I had a bit of a scare filling out a client’s Form 8962, which calculates the Premium Tax Credit (PTC) related to health insurance plans bought on the Health Insurance Exchanges. I thought I’d spread the news along for anyone who falls into this same situation over the next few years (unless the Exchanges totally crash and burn, like they’re currently looking to do).
For a bit of a background, the Premium Tax Credit is the credit individuals can get to help defray some of the rapidly rising cost of health insurance. The credit is based on your taxable income for the year, which can cause a problem since health insurance premiums are determined in advance (before the year, when you’re bright and optimistic setting out all your lofty plans and goals), and taxable income is determined in arrears (after the year, when you’re down and depressed that you only went to the gym twice, you didn’t get that promotion, and George R. R. Martin STILL hasn’t finished the Winds of Winter). The IRS’s current solution is to have people guess how much money they’ll make in a year, then fill out Form 8962 at the end of the year to see how much they screwed up.
The consequences of a screw up can be pretty costly. Several of my clients guessed their annual income on the Marketplace and received a Premium Tax Credit of around $400 a month during the year. The clients that guessed too low ended up having to pay the $4,800 back in one fell swoop on April 15th, which made them none too pleased.
They at least made a pretty decent amount money. Where I nearly had a heart attack was when I had a client nearly have to pay $8k back because their income was too low.
Let me give you an example. Let’s say Tom Petty has a family of four living in Colorado. Tom signs up for insurance on the Colorado Marketplace, estimating that his income from his music gigs (his only job) will be about $25,000 that year. For reference, the poverty line for a family of four in Colorado is $23,850. They choose their insurance, and the Premium Tax Credit offsets a significant amount of the monthly cost.
At year end, while Tom is filling out his tax return, he realizes that his taxable income is only $19,000. He puts it in the Form 8962 to calculate how much of the Premium Tax Credit he actually should have received:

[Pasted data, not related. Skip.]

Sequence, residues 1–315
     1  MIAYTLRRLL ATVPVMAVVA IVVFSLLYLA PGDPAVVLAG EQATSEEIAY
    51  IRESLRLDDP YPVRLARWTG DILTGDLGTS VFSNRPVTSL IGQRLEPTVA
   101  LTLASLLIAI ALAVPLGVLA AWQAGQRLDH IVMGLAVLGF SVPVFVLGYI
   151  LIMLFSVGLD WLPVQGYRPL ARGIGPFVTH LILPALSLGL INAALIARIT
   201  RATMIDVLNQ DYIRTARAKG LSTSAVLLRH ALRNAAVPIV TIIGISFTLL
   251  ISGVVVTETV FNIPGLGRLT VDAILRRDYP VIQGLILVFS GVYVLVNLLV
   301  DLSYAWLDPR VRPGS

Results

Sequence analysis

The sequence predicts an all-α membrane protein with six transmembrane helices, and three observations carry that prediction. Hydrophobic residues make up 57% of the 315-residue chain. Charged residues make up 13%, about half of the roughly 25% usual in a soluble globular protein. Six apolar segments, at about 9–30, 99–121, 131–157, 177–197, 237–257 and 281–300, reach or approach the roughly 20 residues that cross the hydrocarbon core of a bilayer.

As he enters his numbers, he sees that his income is actually BELOW the poverty line. Dutifully, he turns to the instructions as directed on line 6, only to find that HE CAN’T TAKE THE CREDIT!
With his heartbreaking and dreams of sending Little Mikey to guitar class slipping away, he allows the software to calculate his tax return. At the bottom of his 1040, it says that he owes $8,000 in taxes.
$8,000 on only $19,000 of income. Tom Petty is totally screwed.
And that’s where I was a few weeks ago. I was going to have to tell my client that they owed nearly 50% of what they made that year in taxes. It wasn’t like they had money to burn. These people weren’t exactly Keeping up with The Kardashians.
I haven’t yet figured out the purpose of this provision that freaks people out when they actually make too little. My guess is that the DC Bureaucrats want to push people who are below the poverty line out of the Exchanges and onto Medicare. Whatever the logic behind this calculation, it nearly gave me a panic attack.
Fortunately, I stayed calm and read on. The Form 8962 instructions later clarify that you can still take the Premium Tax Credit if your income is below the poverty line, assuming you meet the following requirements:
- You or and individual in your tax family enrolled in a qualified health plan through a Marketplace;
- The Marketplace estimated at the time that your household income would be between 100% and 400% of the poverty line;
- The Premium Tax Credit was paid for coverage of at least one month during the year, and
- You otherwise qualify for the Premium Tax Credit (which I’m not going to get into now, but if you’re a legal US citizen living in the US and not in prison, you probably qualify)
So if the Marketplace originally said you’d get a credit and your income ends up being too low at year end, DON’T PANIC. It is very unlikely that you’ll have to pay it back.
If, however, the Marketplace guessed you would get a credit and your income ended up being too high, you’re pretty much screwed and have to pay the Premium Tax Credit back. Sorry about that.